How to Get Men to Click -- Tips From Playboy and Mandatory Pros Live

By Stephen M Zorio


Men like manly things, right? Well ... yes ... sort of. However, if you use that approach as your editorial north star, you're going to lose your audience (men and women alike).

We recently chatted about the best ways to reach men online with Cory Jones, SVP Digital for Playboy and Paul Ulane, Lead Editor for Mandatory.com. See what they had to say about male programming myths, how women factor in and the kind of content that works best on social. Oh, and they shared two words they hope advertisers never use again:

Q: What is one myth about male audiences that you are tired of?

Men don't just like "men" things. Men like LOLCats just as much (if not more) than women. If you try to create content that fits some sort of antiquated vision of what men like, you will sound hollow. -- Cory Jones




Totally agree. If you create a piece of content that you would share with any of your friends, male or female, it will resonate with your target audience. As long as you create good content, it will find your demographic. -- Paul Ulane



To add to that, most of the "male" sites out there are only 65% male. And that number is coming down. With social becoming a dominant traffic driver, you have to create content that both men and women feel comfortable sharing. -- Cory Jones



Q: So is it enough to just program for men, or do you have to be conscious of finding a middle ground?

I know this sounds counter-intuitive, but you have to create content that women feel comfortable sharing, too, if you want to reach men. Facebook is a great example. You need to drive your overall reach to do well in their algorithm to reach more of your audience. -- Cory Jones



It's almost more important to target each of your specific social audiences instead of just men. One thing that works on Facebook doesn't necessarily work on Twitter or Instagram. Once you figure out what resonates the most on every social channel, your content will be shared by the entire audience, which will in turn increase the number of men seeing that content. -- Paul Ulane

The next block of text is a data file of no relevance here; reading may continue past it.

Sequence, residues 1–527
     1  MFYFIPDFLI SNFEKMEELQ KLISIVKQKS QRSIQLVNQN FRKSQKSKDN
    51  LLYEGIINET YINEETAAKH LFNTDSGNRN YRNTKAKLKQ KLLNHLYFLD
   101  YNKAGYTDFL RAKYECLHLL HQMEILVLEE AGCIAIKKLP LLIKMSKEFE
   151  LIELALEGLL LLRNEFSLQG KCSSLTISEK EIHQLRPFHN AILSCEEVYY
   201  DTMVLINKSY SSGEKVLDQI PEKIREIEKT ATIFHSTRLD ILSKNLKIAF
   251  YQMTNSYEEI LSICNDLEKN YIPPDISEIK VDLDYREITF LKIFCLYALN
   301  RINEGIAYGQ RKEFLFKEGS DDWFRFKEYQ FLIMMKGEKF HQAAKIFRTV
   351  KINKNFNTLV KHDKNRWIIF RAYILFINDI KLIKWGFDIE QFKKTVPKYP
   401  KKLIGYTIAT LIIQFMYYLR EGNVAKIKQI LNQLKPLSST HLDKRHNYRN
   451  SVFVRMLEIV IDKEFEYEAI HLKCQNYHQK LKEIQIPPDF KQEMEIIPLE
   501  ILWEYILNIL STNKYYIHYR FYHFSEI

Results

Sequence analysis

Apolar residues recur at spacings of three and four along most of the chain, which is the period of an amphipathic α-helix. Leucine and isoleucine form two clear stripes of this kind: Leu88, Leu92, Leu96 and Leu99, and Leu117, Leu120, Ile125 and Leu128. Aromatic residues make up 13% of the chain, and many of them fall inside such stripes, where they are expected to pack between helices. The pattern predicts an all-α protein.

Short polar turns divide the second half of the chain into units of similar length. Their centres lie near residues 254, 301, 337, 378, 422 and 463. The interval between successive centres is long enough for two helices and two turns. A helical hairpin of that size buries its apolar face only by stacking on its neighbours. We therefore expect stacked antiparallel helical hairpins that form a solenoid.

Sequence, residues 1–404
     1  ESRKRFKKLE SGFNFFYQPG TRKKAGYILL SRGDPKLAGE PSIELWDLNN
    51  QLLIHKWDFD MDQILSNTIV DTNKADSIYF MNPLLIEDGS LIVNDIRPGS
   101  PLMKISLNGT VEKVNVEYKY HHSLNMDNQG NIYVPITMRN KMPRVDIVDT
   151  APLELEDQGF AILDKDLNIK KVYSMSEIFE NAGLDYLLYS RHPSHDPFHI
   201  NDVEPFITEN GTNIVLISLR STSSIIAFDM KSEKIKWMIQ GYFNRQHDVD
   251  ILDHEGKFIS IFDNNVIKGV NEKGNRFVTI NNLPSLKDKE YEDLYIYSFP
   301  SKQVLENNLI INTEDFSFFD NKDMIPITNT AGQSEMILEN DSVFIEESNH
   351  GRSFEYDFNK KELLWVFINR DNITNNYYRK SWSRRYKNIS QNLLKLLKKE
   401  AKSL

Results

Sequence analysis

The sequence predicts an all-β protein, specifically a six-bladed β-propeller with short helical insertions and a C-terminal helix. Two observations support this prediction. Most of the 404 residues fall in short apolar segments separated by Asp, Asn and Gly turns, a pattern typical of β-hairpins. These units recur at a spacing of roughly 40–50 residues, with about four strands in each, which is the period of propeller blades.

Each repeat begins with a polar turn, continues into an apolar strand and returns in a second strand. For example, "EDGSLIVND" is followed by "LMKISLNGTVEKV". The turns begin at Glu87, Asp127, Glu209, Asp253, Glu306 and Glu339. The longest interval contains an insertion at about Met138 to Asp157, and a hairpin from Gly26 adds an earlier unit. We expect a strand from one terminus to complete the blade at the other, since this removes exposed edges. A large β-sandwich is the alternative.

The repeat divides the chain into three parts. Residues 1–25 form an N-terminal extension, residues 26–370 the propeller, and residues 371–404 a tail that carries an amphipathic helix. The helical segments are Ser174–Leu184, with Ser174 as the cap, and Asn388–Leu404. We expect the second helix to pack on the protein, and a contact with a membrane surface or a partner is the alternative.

Q: In the social realm, which topics engage the most consistently and which engage the least consistently?

It's less about topics than it is about the hook or the angle. For men's sites, you will get much more engagement if you give them a why or how instead of just the what. While girl content does well, there's a ceiling on it because users are less inclined to share something that might be considered NSFW. 

The content that does the best is the content that gives people a reason to click. By far the content that I have seen do the best (in terms of driving traffic) is someone getting their comeuppance. People on social media love seeing the villain get his/her due. Social media loves to get on its high horse. Videos usually do the best with photos and graphics close behind. -- Cory Jones


One topic that continues to resonate with our audience is relationship humor. Not only do the men in our audience relate to the male perspective but I think women enjoy seeing what's going through men's minds. Being relatable is more important than being funny. If people feel like you're touched on something they've experienced, they will definitely pass it along to their friends. -- Paul Ulane


Q: We all know 18-34 is the magic number, so how hard is it to reach that specific audience? What advantages or disadvantages does that present?

I always felt like that age bracket was an advertising construct. Most men don't totally change what they find funny or interesting when they hit 35. I think it goes back to what we said before about creating great content and the demographic will follow. At the end of the day, you have to ask yourself "do I find this funny?" If you're a guy over 20 and under 60, there's a decent chance if your answer is yes then you're headed in the right direction. Steer clear of enema listicles and you should be good. -- Cory Jones


Agreed. And it's relatively easy to reach a younger demo online. The only disadvantage that bracket presents is as you grow your audience, more people from other demos (older, female, etc) start creeping in, which may skew your stats a little. But if that's the case, it just means your audience is growing too big to keep confined to one group, which should make everybody happy. -- Paul Ulane


Q: When looking at ad campaigns targeting men, what have advertisers gotten better at and what lessons are they failing to heed?

Some of them are getting better, others still have a ways to go. The young male online can smell BS a mile away. The best ad campaigns are the ones that trust the content. The worst ones try to shoehorn themselves into every nook and cranny of a custom content piece. It's my view that if you're around great, sharable content that falls under the umbrella of the demo you're trying to hit, you'll be successful more often than not. -- Cory Jones



If we all learn one thing today, it's that the phrase "man cave" needs to be retired forever. -- Paul Ulane



Paul and I have both been in meetings where we have heard the word "mancations." -- Cory Jones



One event you can be sure a lot of men will be watching is the 2014 World Cup. Bookmark this page to follow the conversation happening about -- and around -- the 2014 World Cup.

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